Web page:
The Cattle on Feed report provides monthly estimates of the number of cattle being fed for slaughter. For the report, USDA surveys feedlots of 1,000 head or more, as this represents 85% of all fed cattle. Cattle feeders provide data on inventory, placements, marketings and other disappearance.
The report showed a total inventory of 11.831 million head for the United States on November 1. This year-over-year increase of 1.2% is right in line with analysts’ expectations of an average increase of 1.3% in feedlot inventories. This month’s increase follows two months of year-over-year decreases.
As usual, Texas, Kansas and Nebraska lead the way in total fed cattle numbers, accounting for over 7.8 million head, or approximately 66% of the total on-feed inventory in the country.
While total inventories are an important component of the report, other key factors include placements (new animals being placed on feed) and marketings (animals being taken off feed and sold for slaughter). Marketings in October were 1.875 million head, down 0.6% from a year ago, exactly matching the average analyst expectation.
In terms of placements during October, analysts predicted an average 12% increase from October 2018. However, there was a great degree of uncertainty in analysts’ expectations for the placement number, resulting in a very large range of a 3.8% decrease to a 19% increase. Placements in October totaled 2.477 million head, 10.2% above 2018 levels. The number of placements came in slightly below the average analyst forecast but remained well within the large range. October placements reported in the November report are typically the largest of the year, so while not necessarily a surprise, a year-over-year increase of over 10% is nevertheless a substantial increase and will impact the future supply of animals available for slaughter. This increase in placements was not only anticipated from a seasonality perspective, but also as a rising fed cattle futures market and cash market over the last month should have supported placements.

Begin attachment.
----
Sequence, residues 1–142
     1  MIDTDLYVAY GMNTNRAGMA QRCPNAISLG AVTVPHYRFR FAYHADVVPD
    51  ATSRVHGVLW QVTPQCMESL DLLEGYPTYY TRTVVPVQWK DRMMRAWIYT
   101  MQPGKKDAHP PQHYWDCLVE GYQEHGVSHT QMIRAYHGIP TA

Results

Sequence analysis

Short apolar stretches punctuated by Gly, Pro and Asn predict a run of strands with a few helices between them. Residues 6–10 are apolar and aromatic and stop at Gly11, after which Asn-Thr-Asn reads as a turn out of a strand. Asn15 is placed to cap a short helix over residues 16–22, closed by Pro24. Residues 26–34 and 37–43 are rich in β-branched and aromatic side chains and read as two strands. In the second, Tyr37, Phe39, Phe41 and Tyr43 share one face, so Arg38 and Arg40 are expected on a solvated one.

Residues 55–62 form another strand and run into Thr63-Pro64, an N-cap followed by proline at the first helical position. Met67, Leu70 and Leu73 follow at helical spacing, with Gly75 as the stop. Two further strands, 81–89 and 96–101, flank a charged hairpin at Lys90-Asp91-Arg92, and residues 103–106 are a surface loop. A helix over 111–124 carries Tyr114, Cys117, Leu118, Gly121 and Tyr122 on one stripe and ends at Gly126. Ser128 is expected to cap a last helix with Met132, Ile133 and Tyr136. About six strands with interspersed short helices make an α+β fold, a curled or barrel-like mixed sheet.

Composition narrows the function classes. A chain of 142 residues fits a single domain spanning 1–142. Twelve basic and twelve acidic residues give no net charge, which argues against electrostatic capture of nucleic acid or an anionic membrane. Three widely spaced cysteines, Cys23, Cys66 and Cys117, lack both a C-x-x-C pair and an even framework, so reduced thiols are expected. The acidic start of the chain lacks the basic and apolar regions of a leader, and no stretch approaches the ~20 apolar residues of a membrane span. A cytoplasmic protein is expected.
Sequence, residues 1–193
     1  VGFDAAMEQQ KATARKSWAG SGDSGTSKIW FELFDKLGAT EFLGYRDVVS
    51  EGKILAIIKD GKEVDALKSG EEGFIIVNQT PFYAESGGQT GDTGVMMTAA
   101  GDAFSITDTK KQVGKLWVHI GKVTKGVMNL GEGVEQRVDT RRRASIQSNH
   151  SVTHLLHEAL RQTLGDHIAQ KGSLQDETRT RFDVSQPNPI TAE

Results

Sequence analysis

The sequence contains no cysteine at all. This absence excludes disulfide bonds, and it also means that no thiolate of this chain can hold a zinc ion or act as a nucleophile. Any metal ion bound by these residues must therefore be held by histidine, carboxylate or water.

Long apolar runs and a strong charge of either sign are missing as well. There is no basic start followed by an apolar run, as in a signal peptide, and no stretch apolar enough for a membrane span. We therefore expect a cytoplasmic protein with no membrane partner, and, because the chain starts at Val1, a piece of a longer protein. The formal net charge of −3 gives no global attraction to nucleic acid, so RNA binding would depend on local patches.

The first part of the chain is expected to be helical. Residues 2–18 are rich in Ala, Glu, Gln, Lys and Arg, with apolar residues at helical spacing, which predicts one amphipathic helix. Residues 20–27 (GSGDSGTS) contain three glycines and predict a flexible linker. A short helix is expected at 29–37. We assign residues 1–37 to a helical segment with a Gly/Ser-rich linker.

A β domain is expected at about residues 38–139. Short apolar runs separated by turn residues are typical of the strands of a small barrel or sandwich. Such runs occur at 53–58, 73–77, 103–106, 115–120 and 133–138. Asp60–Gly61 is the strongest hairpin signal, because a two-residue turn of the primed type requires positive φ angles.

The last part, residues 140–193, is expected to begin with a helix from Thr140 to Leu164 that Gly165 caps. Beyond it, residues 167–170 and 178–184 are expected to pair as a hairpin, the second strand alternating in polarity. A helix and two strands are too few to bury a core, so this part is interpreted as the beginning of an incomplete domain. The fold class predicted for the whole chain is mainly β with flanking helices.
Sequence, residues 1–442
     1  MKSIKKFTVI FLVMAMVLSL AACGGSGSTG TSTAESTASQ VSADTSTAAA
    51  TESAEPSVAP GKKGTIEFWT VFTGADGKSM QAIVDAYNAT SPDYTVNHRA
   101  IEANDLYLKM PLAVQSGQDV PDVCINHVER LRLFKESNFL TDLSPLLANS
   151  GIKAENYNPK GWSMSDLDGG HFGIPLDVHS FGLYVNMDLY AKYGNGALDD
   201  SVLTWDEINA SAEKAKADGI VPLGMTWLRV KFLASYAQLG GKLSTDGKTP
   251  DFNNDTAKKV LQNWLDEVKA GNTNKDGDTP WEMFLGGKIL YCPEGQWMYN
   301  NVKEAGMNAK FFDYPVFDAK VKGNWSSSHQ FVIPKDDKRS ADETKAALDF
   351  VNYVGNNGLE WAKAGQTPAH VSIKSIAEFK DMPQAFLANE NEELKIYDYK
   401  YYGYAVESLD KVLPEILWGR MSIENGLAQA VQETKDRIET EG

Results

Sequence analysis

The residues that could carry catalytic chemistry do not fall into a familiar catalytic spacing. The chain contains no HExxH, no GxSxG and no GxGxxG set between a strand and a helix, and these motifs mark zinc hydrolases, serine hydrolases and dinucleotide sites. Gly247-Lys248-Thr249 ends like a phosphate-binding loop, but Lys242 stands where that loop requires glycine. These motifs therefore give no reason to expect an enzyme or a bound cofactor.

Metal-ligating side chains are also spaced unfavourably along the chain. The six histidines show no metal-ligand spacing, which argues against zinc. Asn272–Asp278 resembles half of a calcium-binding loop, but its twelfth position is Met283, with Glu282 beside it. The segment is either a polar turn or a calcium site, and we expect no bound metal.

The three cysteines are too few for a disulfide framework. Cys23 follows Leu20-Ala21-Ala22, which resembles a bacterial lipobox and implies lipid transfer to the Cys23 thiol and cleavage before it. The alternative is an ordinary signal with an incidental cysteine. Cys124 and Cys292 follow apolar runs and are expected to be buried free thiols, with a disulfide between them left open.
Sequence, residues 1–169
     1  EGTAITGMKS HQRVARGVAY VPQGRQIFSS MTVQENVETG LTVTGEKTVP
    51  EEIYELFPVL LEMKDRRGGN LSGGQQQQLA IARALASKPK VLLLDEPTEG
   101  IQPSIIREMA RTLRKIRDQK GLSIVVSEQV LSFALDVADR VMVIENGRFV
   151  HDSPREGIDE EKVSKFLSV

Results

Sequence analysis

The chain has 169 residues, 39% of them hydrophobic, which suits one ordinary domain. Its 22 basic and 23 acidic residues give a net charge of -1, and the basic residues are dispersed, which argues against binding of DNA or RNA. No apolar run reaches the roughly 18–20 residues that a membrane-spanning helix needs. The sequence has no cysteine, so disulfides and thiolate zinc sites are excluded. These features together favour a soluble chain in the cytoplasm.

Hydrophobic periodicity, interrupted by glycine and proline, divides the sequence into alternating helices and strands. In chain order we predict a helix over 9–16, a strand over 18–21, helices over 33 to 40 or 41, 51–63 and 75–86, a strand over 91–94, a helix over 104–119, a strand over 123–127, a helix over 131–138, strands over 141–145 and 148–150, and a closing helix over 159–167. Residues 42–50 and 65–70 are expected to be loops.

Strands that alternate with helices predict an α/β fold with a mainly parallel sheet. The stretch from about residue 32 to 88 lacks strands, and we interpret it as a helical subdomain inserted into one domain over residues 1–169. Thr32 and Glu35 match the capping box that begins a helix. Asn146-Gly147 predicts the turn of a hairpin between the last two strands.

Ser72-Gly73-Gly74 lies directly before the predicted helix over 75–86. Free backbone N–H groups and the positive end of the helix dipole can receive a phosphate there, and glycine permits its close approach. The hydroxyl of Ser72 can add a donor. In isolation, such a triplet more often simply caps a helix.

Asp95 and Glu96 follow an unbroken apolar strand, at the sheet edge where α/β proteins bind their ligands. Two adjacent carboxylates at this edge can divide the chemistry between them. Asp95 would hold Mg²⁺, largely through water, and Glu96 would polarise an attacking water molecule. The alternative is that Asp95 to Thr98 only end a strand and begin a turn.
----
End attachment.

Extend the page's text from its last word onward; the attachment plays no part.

However, in the day leading up to the report’s release, feeder cattle futures showed significant weakness, dropping $3.45 for the January contract on Friday, Nov. 22. It seems that the expected higher placements and on-feed numbers were enough of a concern that day and may have driven some profit taking. Overall this report is considered relatively neutral, but the large placement number will push production up in the first half of next year. This production increase has to be met with strong demand to prevent weakness in the cattle market, although improved conditions are anticipated as the closed Tyson plant is expected to resume operations in early December.